Climate change will further strain farmers and the agricultural economy — The changing climate will lead to heat stress in plants and livestock, reduced soil health and moisture, shifts in pollination, and greater pressure from weeds, pests, and diseases. These changes will result in declining crop yields and livestock and poultry productivity , increased rates of crop failure, and reduced food nutrition. For example, hotter temperatures and a doubling of water deficits by midcentury are expected to reduce corn yields in Indiana by 16 to 20 percent, reduce soybean yields by 9 to 11 percent, and double the number of livestock heat stress days. The average inflation-adjusted price of crops is projected to increase 20 percent by 2050 . Planting alternate crops, new farm and soil management practices, and emerging technologies can help farmers adapt but come at a cost for agricultural communities already under significant financial pressure. The federal government will also absorb additional costs. For example, climate change could increase crop insurance costs for corn, soybeans, and wheat by 40 percent by 2080.

Climate change is the greatest public health challenge of the 21st century — More than 90 health organizations have jointly identified climate change as a public health emergency, and children, pregnant women, older adults, outdoor workers, and low-income and marginalized communities are disproportionately vulnerable. By midcentury, more than 90 million people in the United States – a 100-fold increase – will experience 30 or more days with a heat index above 105°F in an average year. Such extreme heat and heat waves will increase hospitalization for heatstroke and cardiovascular, respiratory, and kidney disorders and could cause thousands of deaths annually. Degraded air quality and higher pollen concentrations will increase the incidence of respiratory illnesses, heart attacks, asthma, and allergies. More people will be exposed to infectious diseases transmitted by mosquitoes and ticks (such as Zika and Lyme disease), toxic algal blooms, and waterborne diseases. Cases of tickborne disease have already more than doubled from 2004 to 2016. Severe storms can disrupt critical healthcare systems and infrastructure for months, as well as directly costing lives. The costs to the public health system and federal programs such as Medicare and Medicaid, although not yet quantified, are likely to be significant.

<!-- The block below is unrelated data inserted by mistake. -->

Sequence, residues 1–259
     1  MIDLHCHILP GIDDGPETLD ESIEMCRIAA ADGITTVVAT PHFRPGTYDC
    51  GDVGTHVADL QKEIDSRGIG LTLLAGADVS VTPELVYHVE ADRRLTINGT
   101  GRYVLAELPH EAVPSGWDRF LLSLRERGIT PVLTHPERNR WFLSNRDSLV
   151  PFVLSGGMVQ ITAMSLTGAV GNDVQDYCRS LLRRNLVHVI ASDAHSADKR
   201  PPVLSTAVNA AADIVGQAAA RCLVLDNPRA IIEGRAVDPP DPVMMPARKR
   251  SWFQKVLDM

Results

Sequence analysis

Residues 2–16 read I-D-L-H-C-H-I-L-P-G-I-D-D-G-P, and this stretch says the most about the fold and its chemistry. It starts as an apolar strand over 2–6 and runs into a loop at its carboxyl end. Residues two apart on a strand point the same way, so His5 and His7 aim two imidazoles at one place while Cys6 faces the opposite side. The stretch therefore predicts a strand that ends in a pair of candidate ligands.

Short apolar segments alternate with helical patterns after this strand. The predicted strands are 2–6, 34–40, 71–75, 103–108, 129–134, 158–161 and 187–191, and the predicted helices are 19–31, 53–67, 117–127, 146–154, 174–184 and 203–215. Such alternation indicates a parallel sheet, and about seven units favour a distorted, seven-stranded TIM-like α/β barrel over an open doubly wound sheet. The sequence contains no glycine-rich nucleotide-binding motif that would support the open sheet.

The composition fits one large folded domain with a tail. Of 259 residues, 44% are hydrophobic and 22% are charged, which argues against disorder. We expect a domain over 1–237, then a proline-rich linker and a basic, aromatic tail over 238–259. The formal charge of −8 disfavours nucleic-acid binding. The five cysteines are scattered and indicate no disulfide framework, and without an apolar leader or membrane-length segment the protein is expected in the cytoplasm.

Climate change threatens defense readiness and stability around the world — The intelligence community, senior defense officials, and Department of Defense (DOD) strategies and plans have consistently identified climate change as a national security challenge and threat multiplier. U.S. military facilities, operations, and equipment are vulnerable to storms, sea level rise, flooding, wildfires, and drought. In just the last year, hurricane and flood damage to Camp Lejeune and Tyndall and Offutt Air Force Bases will require $8.5 billion to repair – and the DOD assesses that approximately two-thirds of mission assurance priority installations are at risk. Melting sea ice is opening the Arctic to increased competition with Russia and China for natural resources and access to sea routes. Globally, climate change will exacerbate food and water insecurity, infectious disease outbreaks, natural resource scarcity, commodity price shocks, economic distress and inequality, natural disaster severity, and population displacement and migration. These in turn will increase the risk of social unrest, political instability, and conflict abroad – and increase the frequency, scale, complexity, and cost of future DOD missions.

At this upcoming hearing, the Budget Committee will continue to examine the challenges that climate change poses to the American people and economy, building on its June hearing and looking more closely at specific sectors.

Witnesses
  • Georges C. Benjamin, M.D., Executive Director, American Public Health Association
  • Stefani Millie Grant, Senior Manager for External Affairs and Sustainability, Unilever
  • Rear Admiral Lower Half Ann C. Phillips, Special Assistant to the Governor for Coastal Adaptation and Protection, Office of the Governor of Virginia
  • Rich Powell, Executive Director, ClearPath
  • Rear Admiral Upper Half David W. Titley, Ph.D., Affiliate Professor of Meteorology and of International Affairs, Department of Meteorology and Atmospheric Science, The Pennsylvania State University

Environmental Organizations Cross Racial Divides To Present Climate Justice Platform

Posted by Brad Johnson Tue, 23 Jul 2019 19:11:00 GMT

In an encouraging sign for those seeking to make the vision of the Green New Deal a reality, a coalition of mostly white environmental organizations and predominantly black environmental justice organizations have released the “Equitable & Just National Climate Platform.”

The platform is a vision statement for American climate justice policy, with signatories “committed to advancing a bold and equitable national climate agenda and believe that all people and all communities have the right to breathe clean air, live free of dangerous levels of toxic pollution, access healthy food, and share the benefits of a prosperous and vibrant clean economy.”

The Sierra Club, League of Conservation Voters, Natural Resources Defense Council, and Union of Concerned Scientists are also members of the BlueGreen Alliance which released a similar labor-focused platform in June.